Equine Saddle Sores Prevention and Treatment

While you cannot saddle a horse when it has a saddle sore, you can ride bareback or just simply spend time on the ground with your horse. In this article I will explain prevention, causes and treatment for a saddle sore.

Saddle sores can be very detrimental to you and your horses relationship. The pain associated with a saddle sore can cause a horse to become unusable until it heals fully. While you cannot saddle a horse while it has a saddle sore, you can ride bareback or just simply spend time on the ground with your horse. In this article I will explain prevention, causes and treatment for a saddle sore.

Preventing a saddle sore is always foremost concerning the issue. Saddle sores can almost always be prevented by proper cleaning, saddling and riding. Prior to any saddle being placed on your horse, you need to do a very thorough brushing of your horse. Pay special attention to any areas that the saddle pad and saddle parts will touch. The most common places for a saddle sore to develop are the withers and girth. Brush these places to be sure there is no dirt that can rub into the horse's skin.

It is also very important to be sure your saddle fits your horse properly. A saddle that is too large will wobble and rub with each step your horse takes. A saddle that is too small will put too much pressure and eventually wear through the coat of the horse. Be sure that the tree of the saddle fits your horse properly before saddling up.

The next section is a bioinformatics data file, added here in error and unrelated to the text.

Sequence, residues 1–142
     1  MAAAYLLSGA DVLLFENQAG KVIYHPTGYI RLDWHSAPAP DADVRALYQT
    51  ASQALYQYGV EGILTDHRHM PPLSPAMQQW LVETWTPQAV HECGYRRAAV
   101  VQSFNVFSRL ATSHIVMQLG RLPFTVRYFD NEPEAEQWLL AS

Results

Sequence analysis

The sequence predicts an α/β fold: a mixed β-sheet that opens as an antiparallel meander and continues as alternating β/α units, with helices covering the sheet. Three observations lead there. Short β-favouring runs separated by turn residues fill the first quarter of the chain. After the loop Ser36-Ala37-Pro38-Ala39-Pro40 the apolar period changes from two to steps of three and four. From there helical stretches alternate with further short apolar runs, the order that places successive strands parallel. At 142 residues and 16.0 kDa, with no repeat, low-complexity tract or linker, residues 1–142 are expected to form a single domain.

Riding in correct posture can also help prevent saddle sores. Always carry some weight in the stirrups, and be careful to sit upright, not leaning too far forward or too far backward. Be sure to sit in the center of the saddle seat so that your weight is distributed equally throughout the saddle. Sitting too far back puts excess pressure on the back of the saddle causing it to rub excessively.

The main cause of a saddle sore is from the saddle rubbing the horse in the wrong places for too long. It is always best to remove the saddle when you are not riding, even if you are only taking a short break. This will allow the horse and the saddle pad to dry out. You can also use this time to brush down the saddle area to be sure you dirt or other product has gotten between the horse and its saddle.

Also, always check your saddle blanket and cinch for dirt, weeds, or foreign objects. If the cushion becomes too worn that there is no protection for the horse, you may need to buy a new saddle pad. The cinch should be completely clean as well.

Treatment for saddle sores is very basic. Keep the area completely clean, and never saddle over a saddle sore. If there is swelling, you can apply a cold compress or just a cool washcloth over the area. Try to keep the sore dry so that it can heal. You can apply some iodine to prevent an infection. If the sore becomes infected, you will have to have your veterinarian come and apply some healing medicine and give you further instructions.

As the sore heals, the skin will reform and eventually the hair will grow again. Many times the hair comes in white, so there will always be a remembrance of the saddle sore. It is always best to prevent and avoid any saddle sore. Pay special attention of your horses coat when you unsaddle and examine the area to see if any saddle sores are developing. If caught early, you can often prevent the further development of the sore.